Efforts to grant D.C. voting rights have gained support both in the city and far away in the Pacific.
Hawaii may be 5,000 miles away from D.C., but it supports the city's ongoing struggle to gain voting representation in Congress.
On Friday, the Hawaii State Senate passed a resolution expressing its support for a constitutional amendment that would grant full voting rights to D.C. residents. This isn't the first time that the Aloha State has sided with D.C. on the issue — Governor Benjamin Cayetano declared August 2002 to be District of Columbia Voting Rights Month, and in 1961 Hawaii was the first state to ratify the 23rd amendment to the U.S. Constitution, which granted D.C. residents the right to vote in presidential elections.
In a statement, Mayor Vincent Gray thanked Hawaii for the resolution.
"I want to thank the Hawaii State Senate for taking a stand with us to demand full voting rights for residents of the District of Columbia. The state of Hawaii has a long history of supporting the District despite the nearly 5,000 miles that separate us. They have taken an important step in raising awareness of this issue in Hawaii, and I hope that their outrage towards the District's disenfranchisement will spread across the country," he said.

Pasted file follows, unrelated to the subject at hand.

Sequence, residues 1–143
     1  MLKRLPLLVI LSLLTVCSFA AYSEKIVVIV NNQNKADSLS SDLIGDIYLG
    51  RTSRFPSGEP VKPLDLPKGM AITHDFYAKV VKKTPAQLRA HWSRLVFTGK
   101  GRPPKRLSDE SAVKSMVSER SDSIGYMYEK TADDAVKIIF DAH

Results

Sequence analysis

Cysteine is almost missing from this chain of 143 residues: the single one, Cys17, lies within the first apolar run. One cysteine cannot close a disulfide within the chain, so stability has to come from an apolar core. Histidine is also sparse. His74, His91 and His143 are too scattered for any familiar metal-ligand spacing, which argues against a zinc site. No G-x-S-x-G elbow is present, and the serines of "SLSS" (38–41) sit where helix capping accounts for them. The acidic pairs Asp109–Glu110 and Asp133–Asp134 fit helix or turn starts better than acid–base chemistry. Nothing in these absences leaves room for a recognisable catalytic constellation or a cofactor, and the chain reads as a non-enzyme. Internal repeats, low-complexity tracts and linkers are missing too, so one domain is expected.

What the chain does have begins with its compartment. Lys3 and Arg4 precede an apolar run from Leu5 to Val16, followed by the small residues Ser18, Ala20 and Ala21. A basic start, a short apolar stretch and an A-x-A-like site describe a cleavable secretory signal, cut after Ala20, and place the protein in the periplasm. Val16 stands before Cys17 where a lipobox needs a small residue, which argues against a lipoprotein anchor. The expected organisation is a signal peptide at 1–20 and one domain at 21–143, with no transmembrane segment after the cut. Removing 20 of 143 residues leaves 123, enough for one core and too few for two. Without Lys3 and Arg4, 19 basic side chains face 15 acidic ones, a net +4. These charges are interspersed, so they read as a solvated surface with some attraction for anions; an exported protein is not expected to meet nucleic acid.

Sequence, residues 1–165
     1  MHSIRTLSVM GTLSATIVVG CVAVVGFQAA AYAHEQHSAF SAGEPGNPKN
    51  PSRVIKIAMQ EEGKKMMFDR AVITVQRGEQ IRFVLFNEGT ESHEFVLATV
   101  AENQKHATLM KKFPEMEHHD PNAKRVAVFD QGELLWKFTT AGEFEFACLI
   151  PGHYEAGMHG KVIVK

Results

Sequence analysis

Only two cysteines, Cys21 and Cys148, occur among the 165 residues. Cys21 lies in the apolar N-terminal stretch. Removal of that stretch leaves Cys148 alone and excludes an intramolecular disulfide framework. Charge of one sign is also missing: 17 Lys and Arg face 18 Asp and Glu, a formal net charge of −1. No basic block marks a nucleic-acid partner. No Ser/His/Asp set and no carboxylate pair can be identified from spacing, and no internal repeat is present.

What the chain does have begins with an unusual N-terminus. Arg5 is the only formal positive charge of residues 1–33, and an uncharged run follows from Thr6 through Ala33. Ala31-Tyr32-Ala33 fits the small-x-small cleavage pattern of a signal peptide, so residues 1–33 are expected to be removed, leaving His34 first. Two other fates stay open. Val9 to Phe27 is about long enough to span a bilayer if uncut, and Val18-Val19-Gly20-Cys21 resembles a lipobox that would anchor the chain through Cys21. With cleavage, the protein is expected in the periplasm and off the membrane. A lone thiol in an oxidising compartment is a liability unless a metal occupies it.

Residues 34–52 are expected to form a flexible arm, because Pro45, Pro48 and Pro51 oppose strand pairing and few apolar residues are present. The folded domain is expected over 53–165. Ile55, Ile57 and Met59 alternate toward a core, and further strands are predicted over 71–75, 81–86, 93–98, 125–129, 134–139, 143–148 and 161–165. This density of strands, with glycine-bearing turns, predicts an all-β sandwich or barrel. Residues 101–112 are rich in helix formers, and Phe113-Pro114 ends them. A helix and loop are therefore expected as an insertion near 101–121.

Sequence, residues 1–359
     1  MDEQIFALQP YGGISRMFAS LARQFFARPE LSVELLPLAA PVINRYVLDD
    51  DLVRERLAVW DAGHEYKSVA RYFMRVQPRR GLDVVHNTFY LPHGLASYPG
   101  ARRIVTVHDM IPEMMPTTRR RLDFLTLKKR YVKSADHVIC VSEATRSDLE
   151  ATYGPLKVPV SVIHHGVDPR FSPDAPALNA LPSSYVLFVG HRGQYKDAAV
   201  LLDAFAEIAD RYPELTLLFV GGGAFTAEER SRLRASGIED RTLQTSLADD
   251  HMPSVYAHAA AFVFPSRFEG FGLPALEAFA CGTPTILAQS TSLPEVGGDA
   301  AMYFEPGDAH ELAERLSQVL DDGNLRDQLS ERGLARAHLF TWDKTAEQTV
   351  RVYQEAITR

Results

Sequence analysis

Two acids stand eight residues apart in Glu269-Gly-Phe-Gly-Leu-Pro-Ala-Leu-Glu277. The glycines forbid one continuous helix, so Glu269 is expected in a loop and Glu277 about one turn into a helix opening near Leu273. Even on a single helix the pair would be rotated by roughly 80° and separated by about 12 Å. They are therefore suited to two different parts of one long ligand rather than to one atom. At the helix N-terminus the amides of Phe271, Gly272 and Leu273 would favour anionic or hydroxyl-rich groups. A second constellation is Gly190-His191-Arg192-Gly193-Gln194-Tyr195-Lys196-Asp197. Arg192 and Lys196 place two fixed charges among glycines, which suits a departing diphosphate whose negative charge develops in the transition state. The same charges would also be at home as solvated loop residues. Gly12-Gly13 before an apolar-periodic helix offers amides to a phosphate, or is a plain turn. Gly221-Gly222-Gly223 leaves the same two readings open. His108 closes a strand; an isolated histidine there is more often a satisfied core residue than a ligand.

D.C. officials and activists have been pushing for voting rights, self-determination and statehood with renewed vigor in recent years. Earlier this year Del. Eleanor Holmes Norton (D-D.C.) introduced bills that would grant D.C. statehood and a full voting seat in the House of Representatives. On April 23, over 80 percent of D.C. residents backed a referendum that would grant city officials more control over locally raised funds; that measure now goes to Congress for a 35-day review period.